Migration and differentiation of nuclear fluorescence-labeled bone marrow stromal cells after transplantation into cerebral infarct and spinal cord injury in mice

Jang Bo Lee, Satoshi Kuroda, Hideo Shichinohe, Jun Ikeda, Toshitaka Seki, Kazutoshi Hida, Mitsuhiro Tada, Ken Ichi Sawada, Yoshinobu Iwasaki

Research output: Contribution to journalArticle

159 Citations (Scopus)


There is increasing evidence that bone marrow stromal cells (BMSC) have the potential to migrate into the injured neural tissue and to differentiate into the CNS cells, indicating the possibility of autograft transplantation therapy. The present study was aimed to clarify whether the mouse BMSC can migrate into the lesion and differentiate into the CNS cells when transplanted into the mice subjected to focal cerebral infarct or spinal cord injury. The BMSC were harvested from mice and characterized by flow cytometry. Then, the BMSC were labeled by bis-benzimide, a nuclear fluorescence dye, over 24 h, and were stereotactically transplanted into the brain or spinal cord of the mice. The cultured BMSC expressed low levels of CD45 and high levels of CD90 and Sca-1 on flow cytometry. A large number of grafted cells survived in the normal brain 4 weeks after transplantation, many of which were located close to the transplanted sites. They expressed the neuronal marker including NeuN, MAP2, and doublecortin on fluorescent immunohistochemistry. However, when the BMSC were transplanted into the ipsilateral striatum of the mice subjected to middle cerebral artery occlusion, many of the grafted cells migrated into the corpus callosum and injured cortex, and also expressed the neuronal markers 4 weeks after transplantation. In particular, NeuN was very useful to validate the differentiation of the grafted cells, because the marker was expressed in the nuclei and was overlapped with bis-benzimide. Similar results were obtained in the mice subjected to spinal cord injury. However, many of the transplanted BMSC expressed GFAP, an astrocytic protein, in injured spinal cord. The present results indicate that the mouse BMSC can migrate into the CNS lesion and differentiate into the neurons or astrocytes, and that bisbenzimide is a simple and useful marker to label the donor cells and to evaluate their migration and differentiation in the host neural tissues over a long period.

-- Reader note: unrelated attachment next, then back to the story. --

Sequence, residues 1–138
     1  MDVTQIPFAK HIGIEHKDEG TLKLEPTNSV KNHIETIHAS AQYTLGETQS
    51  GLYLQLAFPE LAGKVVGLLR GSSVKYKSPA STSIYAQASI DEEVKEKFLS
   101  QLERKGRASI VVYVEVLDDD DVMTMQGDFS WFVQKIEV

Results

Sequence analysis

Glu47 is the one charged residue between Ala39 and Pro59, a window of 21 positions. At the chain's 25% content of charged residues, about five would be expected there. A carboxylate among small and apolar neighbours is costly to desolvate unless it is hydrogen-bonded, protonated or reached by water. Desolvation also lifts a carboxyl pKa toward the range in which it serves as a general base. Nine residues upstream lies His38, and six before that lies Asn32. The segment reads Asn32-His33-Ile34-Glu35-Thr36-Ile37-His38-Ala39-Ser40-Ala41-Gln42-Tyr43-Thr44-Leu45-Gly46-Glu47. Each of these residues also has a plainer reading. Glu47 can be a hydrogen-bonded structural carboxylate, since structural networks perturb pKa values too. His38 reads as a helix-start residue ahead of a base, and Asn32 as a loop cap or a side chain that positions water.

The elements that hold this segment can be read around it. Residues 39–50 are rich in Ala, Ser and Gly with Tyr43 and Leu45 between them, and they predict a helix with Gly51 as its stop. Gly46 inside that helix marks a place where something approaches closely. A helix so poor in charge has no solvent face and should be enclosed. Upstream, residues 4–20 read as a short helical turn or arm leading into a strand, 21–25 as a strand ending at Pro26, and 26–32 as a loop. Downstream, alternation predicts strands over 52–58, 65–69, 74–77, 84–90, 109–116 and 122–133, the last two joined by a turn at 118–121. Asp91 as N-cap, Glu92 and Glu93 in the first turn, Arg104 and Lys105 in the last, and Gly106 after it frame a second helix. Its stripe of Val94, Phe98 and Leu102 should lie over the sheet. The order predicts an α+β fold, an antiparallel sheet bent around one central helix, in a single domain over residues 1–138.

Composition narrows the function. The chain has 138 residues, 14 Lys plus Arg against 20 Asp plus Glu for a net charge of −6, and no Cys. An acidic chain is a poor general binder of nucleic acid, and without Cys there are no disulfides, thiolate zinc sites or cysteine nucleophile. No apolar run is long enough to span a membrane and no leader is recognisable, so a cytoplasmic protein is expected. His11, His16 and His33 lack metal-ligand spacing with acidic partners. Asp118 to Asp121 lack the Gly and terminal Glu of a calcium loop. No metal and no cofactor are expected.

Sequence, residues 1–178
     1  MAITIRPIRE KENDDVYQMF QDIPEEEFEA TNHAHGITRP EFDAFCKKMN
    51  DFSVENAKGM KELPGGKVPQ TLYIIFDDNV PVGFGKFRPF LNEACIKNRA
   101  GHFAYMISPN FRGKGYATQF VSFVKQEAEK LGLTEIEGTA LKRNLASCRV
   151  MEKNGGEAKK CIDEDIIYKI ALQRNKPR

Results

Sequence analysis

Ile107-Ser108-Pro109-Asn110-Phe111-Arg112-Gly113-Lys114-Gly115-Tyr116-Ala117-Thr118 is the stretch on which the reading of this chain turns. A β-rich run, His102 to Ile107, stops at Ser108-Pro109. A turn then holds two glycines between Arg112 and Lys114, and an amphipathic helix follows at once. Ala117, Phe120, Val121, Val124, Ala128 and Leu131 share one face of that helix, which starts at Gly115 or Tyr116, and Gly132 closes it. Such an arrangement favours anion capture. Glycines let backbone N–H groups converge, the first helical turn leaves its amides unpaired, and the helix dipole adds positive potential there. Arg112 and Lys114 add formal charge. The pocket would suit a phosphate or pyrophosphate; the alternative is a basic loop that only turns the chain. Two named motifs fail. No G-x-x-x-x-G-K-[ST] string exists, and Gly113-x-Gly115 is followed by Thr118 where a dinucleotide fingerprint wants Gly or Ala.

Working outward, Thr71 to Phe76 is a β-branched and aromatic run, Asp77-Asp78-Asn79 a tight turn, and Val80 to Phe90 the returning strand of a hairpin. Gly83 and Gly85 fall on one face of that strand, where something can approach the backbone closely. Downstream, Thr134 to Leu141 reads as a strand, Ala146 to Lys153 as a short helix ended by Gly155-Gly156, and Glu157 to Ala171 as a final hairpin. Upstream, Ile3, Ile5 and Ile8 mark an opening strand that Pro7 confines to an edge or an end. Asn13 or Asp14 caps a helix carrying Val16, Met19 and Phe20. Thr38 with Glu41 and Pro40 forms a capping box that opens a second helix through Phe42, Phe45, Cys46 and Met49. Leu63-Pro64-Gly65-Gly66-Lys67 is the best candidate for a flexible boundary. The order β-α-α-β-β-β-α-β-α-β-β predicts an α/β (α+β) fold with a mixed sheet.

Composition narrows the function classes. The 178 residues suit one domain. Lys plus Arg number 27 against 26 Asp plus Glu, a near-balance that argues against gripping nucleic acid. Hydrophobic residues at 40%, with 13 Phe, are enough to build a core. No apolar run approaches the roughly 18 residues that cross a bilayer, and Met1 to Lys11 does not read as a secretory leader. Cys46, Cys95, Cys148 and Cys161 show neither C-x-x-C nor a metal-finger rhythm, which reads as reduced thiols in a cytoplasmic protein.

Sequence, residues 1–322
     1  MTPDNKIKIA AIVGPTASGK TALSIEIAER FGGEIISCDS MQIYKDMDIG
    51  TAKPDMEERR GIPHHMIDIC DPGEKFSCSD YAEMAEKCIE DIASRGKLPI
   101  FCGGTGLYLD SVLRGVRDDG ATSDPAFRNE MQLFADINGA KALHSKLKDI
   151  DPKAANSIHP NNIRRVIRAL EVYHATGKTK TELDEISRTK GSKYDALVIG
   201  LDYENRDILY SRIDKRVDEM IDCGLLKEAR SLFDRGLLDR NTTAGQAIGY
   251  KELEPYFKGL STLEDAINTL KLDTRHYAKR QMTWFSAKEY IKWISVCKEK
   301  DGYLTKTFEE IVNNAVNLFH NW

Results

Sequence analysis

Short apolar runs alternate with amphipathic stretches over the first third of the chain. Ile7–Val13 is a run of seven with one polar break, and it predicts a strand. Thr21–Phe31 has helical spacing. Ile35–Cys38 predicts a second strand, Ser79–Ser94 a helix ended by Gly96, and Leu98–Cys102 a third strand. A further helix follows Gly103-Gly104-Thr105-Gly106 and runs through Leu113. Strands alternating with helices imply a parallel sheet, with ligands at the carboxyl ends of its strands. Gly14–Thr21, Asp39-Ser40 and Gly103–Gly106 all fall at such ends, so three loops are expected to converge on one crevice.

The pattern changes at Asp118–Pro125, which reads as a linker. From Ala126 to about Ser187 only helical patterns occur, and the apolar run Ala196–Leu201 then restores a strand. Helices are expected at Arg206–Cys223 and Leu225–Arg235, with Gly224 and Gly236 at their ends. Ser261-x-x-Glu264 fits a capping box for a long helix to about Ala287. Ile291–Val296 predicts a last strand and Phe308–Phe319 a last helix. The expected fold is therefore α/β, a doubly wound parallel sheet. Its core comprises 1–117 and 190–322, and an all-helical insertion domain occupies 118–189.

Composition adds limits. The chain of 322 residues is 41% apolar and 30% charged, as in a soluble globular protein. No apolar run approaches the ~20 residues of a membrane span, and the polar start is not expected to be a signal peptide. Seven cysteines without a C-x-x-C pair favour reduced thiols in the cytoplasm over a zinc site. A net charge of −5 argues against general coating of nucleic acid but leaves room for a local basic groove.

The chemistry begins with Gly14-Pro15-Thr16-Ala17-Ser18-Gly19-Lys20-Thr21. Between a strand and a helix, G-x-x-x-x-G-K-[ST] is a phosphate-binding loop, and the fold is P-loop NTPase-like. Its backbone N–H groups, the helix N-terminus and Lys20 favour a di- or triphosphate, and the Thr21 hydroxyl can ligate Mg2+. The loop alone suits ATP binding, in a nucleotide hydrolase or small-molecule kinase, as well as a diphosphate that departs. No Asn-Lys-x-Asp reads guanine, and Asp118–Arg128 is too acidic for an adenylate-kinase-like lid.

Original languageEnglish
Pages (from-to)169-180
Number of pages12
Issue number3
Publication statusPublished - 2003 Sep 1
Externally publishedYes



  • Bis-benzimide
  • Bone marrow stromal cells
  • Cerebral infarct
  • Mice
  • Spinal cord injury
  • Transplantation

ASJC Scopus subject areas

  • Pathology and Forensic Medicine
  • Neuroscience(all)

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